For a continent that isn’t exactly renowned for its glamour or excess of money, Africa sure has a fantastic fashion sense. Even in the more impoverished areas women can be seen transporting water from well to home wearing the most elegant and functional of dresses all popping with colour. Whereas the men are traditionally adorned with bright coloured shirts, elaborate from collar to seam once more with the most vibrant of palettes. In fact, against the red sands, the African people literally burst out of their monotone background, and have done for centuries. This is why today much of the style and sensibilities that come with the natural flair of Africa’s clothing as well as their carvings, furniture and general design are all being celebrated in the media. The following are several now well-accomplished designers who have used traditional African imagery to bolster a career in the art industry.
Often called one of Africa’s most influential fashion designers, Aisha was born in Ghana where she actually studied psychology first, eventually enrolling in the Vogue Style school of Fashion she is now one of the top African fashionistas. Founding her own label in 2008 Christie Brown is a luxury brand that still has many of the trappings of cultural African design. Just by looking at their latest range of dresses it is clear that even though many of the shapes can be more form fitting or elaborate than what African women may commonly wear on the streets, the vibrant patterns and repeated prints present themselves on hems, cutaways or all over. Aisha’s work has appeared on catwalks, magazine features and her designs now make up part of the clothes rack in popular clothes stores such as Elle.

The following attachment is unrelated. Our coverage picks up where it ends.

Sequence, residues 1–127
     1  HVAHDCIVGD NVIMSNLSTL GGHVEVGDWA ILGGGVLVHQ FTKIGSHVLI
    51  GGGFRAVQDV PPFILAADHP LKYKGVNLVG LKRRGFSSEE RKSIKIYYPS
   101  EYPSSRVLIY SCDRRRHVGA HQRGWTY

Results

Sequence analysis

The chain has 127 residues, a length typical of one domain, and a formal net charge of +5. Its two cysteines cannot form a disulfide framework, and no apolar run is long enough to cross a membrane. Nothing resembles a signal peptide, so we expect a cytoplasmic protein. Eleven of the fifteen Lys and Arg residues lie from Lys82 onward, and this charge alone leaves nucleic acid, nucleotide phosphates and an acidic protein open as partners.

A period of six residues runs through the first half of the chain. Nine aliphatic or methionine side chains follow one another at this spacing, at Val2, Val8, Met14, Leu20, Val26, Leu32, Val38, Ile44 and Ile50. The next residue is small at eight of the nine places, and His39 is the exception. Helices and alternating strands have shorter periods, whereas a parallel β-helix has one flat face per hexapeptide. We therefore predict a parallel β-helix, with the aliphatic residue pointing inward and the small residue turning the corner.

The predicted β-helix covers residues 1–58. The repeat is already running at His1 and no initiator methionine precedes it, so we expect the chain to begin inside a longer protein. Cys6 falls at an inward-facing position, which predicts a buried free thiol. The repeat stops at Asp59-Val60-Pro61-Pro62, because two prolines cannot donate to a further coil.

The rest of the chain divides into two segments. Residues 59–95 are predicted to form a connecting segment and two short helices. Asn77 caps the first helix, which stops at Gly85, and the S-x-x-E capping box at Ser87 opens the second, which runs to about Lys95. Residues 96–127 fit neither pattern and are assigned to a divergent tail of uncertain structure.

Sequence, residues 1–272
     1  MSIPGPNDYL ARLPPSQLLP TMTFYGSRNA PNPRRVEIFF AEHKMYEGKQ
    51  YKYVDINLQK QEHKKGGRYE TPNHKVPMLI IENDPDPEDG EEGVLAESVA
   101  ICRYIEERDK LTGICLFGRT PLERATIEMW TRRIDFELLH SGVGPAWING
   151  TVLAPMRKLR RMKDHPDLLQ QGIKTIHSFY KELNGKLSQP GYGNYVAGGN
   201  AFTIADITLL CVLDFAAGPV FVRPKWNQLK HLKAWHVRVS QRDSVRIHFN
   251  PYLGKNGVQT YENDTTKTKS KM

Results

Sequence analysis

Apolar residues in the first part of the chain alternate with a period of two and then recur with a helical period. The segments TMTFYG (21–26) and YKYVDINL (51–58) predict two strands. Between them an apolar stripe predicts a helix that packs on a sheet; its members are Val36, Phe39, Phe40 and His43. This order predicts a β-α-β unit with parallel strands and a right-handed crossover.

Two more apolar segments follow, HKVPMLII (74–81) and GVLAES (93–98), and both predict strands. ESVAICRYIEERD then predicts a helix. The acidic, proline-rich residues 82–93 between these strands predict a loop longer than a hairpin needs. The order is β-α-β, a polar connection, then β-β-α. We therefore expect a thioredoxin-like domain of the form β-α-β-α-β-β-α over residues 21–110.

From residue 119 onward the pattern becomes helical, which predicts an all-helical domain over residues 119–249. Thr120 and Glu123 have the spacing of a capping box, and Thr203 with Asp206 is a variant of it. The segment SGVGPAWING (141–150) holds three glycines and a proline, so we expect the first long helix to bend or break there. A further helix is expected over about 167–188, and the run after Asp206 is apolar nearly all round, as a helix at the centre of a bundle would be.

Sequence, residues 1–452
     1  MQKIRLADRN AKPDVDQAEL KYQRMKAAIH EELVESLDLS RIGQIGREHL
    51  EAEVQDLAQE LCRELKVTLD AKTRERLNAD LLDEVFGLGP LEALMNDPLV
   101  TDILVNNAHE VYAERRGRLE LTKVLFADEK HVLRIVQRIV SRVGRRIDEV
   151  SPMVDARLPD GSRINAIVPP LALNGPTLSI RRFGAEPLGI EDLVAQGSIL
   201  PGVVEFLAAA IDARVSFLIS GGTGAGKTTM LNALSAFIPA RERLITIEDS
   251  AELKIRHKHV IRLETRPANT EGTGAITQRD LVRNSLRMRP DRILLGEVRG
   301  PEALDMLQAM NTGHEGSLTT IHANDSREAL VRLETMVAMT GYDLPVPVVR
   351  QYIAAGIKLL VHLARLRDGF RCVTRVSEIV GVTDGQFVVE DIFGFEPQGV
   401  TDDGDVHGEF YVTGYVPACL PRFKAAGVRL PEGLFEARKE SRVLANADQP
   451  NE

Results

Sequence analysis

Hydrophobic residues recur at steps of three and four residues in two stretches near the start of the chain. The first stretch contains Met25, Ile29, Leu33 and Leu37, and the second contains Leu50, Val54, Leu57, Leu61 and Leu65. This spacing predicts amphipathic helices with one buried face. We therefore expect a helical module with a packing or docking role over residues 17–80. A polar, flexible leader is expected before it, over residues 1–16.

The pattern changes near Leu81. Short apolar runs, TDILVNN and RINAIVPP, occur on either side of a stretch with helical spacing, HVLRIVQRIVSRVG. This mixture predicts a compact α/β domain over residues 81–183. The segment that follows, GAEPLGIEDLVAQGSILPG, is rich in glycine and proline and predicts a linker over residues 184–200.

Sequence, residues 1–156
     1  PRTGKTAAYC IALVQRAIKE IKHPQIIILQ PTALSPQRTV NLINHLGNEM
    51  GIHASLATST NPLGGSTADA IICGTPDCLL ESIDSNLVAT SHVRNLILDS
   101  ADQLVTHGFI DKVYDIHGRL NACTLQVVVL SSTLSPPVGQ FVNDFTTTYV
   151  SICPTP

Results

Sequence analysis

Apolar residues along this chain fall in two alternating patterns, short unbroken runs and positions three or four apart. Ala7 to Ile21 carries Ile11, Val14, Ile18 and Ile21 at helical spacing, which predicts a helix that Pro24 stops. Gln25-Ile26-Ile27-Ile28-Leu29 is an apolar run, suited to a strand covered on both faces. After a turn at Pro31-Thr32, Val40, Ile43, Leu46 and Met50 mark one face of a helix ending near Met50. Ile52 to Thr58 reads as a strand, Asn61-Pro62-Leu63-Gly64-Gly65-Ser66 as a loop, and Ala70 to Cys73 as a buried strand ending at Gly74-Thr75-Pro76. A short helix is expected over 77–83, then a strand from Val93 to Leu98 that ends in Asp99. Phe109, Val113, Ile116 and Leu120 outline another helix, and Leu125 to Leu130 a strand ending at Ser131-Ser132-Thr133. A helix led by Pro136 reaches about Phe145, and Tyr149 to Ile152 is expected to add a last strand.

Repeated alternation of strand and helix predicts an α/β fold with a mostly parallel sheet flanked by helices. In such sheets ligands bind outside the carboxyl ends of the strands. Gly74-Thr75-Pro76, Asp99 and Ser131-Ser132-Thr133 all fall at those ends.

Lanre Da Silva Ajayi
Based in the Nigerian city of Lagos, this unique designer shows a fantastic mind for concept blending as can be seen by the elaborate wearables she creates. Her self-titled fashion label has been running since 2005 and since then Lanre has create an impressive catalogue of pieces that include dresses, shirts skirts and headpieces. What’s most recognisable about her work is that the canvas she works upon is often slathered in artistic design, her dresses are coated with flowing patterns, often with an eye-catching texture that makes the entire piece seem abstract. Using metallics, and a collage of varied styles, Lanre’s clothes look as fitting on a body as they would in a gallery.
With his roots in Ghana, Kofi worked from London to create his clearly African inspired clothing. Clearly an advocate for art and for his people he founded the Federation Of African Designers helping collect and nurture the talent from here. His catwalk designs clearly illustrate his native influence as they show the alluringly simple geometry commonly used. He was known to turn down the colours on his designs, which allowed the shapes and lines to really draw focus and make for a more silhouette style aesthetic. Unfortunately, he passed away in 2014, but his work and message help train and inspire designers today.